According to stories in today’s editions of the Washington Post and the New York Times, a new “botnet” attack has compromised more than 75,000 computers at about 2,500 companies and organizations in the US and elsewhere. Although there have been attacks in the past that affected more computers, this attack appears especially sophisticated, and targeted at firms in the health care and technology industries:
The attack, which began in late 2008 and was discovered last month, targeted proprietary corporate data, e-mails, credit-card transaction data and login credentials at companies in the health and technology industries in 196 countries, according to Herndon [VA]-based NetWitness.
The infections were apparently discovered in late January, and made use of a variant of the ZeuS “Trojan Horse” malware. The attacks appear to have been focused on stealing login and electronic banking credentials.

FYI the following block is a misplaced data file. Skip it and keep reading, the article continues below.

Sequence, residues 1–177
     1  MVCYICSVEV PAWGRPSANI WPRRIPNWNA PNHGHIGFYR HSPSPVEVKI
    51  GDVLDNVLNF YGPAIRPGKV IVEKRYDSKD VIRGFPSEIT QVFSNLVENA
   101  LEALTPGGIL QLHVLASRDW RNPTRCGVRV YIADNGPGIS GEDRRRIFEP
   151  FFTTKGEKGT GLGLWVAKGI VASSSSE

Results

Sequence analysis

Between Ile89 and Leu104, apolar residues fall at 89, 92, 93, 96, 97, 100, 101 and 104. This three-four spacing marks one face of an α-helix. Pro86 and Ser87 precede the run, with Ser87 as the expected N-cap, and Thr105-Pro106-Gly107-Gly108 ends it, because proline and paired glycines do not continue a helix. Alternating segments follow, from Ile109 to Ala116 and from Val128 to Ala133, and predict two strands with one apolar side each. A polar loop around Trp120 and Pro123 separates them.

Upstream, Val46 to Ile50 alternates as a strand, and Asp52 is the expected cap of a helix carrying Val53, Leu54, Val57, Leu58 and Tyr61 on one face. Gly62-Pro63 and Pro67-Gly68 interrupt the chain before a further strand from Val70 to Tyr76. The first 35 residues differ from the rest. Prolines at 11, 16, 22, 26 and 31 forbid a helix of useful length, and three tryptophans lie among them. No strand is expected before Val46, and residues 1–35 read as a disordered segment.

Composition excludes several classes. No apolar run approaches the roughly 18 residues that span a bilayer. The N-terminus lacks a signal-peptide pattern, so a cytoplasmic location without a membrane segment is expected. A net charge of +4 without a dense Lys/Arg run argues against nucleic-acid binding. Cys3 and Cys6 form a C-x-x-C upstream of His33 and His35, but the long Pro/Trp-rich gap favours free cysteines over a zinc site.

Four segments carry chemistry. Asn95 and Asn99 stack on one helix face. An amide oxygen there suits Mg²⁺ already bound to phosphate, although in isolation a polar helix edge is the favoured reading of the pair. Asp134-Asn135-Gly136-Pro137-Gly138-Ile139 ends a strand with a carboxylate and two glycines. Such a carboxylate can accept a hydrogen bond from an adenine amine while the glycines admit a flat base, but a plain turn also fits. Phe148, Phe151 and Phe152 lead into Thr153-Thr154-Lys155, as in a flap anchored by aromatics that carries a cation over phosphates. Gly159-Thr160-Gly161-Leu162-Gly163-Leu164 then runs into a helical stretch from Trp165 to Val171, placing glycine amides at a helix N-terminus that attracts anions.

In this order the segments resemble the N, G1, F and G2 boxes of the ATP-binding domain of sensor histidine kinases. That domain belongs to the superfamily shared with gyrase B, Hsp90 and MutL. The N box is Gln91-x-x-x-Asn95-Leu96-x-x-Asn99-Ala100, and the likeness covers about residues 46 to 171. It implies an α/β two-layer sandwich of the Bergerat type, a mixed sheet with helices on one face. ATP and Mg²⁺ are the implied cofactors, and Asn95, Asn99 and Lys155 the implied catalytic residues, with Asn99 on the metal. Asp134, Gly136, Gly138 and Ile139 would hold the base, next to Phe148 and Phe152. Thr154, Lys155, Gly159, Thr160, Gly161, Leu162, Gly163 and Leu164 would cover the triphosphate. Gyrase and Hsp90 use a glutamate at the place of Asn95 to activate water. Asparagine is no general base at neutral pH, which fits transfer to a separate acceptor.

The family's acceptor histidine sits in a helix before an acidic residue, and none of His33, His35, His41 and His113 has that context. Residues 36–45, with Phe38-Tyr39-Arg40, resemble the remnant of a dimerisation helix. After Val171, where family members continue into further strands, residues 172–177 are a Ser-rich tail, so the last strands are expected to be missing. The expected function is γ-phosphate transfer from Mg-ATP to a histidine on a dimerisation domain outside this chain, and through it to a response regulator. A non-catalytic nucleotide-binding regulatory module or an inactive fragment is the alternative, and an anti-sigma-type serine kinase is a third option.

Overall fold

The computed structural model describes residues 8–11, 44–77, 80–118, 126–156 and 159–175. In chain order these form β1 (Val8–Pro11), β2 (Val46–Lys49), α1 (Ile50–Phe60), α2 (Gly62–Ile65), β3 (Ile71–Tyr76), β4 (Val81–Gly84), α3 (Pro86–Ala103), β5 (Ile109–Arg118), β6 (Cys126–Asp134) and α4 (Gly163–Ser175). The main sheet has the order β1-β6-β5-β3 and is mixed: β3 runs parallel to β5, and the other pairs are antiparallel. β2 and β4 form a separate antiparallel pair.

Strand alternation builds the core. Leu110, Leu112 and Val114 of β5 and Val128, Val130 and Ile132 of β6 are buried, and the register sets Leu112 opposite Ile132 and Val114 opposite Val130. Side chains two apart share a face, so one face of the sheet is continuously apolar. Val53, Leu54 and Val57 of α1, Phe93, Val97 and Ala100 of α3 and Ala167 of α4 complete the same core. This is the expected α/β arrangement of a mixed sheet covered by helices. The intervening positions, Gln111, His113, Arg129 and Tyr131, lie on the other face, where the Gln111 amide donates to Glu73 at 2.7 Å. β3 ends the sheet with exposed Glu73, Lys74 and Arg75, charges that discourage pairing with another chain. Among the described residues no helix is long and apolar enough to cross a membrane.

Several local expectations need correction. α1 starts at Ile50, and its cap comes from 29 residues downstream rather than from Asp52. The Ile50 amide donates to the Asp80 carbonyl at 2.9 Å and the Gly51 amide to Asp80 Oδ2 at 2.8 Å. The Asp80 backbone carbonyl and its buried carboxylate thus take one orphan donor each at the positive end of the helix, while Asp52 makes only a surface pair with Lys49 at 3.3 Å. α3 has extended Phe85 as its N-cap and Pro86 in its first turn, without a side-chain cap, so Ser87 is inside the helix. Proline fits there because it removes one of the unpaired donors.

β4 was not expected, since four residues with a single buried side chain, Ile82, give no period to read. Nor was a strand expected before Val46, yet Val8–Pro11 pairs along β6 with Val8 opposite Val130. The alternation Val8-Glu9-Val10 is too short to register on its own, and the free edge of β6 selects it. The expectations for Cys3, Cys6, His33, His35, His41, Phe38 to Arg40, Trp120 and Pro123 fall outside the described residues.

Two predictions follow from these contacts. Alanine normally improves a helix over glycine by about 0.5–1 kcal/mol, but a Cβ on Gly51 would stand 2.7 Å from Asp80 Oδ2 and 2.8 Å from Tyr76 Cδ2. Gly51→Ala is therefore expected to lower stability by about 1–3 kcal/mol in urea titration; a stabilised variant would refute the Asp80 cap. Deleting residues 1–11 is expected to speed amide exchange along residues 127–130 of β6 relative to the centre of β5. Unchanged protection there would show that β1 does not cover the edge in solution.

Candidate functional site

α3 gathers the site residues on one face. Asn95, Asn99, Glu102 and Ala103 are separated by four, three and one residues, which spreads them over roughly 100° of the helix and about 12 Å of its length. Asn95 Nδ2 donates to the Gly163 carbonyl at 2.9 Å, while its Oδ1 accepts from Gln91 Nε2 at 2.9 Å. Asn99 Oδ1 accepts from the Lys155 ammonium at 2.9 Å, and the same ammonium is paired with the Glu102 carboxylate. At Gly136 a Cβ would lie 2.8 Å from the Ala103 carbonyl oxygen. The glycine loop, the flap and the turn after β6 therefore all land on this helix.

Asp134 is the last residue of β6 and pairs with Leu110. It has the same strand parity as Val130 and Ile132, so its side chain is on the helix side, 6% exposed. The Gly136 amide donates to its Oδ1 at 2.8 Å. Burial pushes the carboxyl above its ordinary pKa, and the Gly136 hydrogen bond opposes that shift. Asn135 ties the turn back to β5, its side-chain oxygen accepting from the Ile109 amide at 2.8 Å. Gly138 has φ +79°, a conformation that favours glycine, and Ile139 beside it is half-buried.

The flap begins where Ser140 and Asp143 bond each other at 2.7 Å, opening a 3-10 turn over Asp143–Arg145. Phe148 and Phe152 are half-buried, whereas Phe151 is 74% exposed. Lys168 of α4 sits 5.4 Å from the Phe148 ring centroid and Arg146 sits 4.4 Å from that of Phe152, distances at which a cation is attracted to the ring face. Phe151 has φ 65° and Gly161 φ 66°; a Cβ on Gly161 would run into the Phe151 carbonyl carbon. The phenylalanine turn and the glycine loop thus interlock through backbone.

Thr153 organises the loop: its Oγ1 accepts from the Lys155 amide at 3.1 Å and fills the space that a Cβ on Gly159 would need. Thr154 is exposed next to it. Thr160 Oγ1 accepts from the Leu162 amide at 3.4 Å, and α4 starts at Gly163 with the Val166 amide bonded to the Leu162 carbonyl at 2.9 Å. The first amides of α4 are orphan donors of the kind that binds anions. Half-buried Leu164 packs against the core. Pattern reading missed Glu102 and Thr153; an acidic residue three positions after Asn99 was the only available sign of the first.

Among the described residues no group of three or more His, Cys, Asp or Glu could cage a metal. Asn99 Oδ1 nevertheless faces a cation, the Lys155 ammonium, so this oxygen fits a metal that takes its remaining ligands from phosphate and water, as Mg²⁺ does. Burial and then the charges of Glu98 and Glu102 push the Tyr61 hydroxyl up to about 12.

This is yet another example of how hacking activity on the Web has gone from something akin to adolescent vandalism to organized crime, NetWitness said that the botnet, which they have dubbed “Kneber”, appears to have originated in Eastern Europe. The chief executive of NetWitness, Amit Yoran, said,
“Cyber criminal elements, like the Kneber crew, quietly and diligently target and compromise thousands of government and commercial organizations across the globe.”
Unfortunately, the days when it was sufficient to just install an anti-virus program on each PC are long behind us. Today’s attacks are not only much more sophisticated, but also tend to be targeted to get maximum payoff.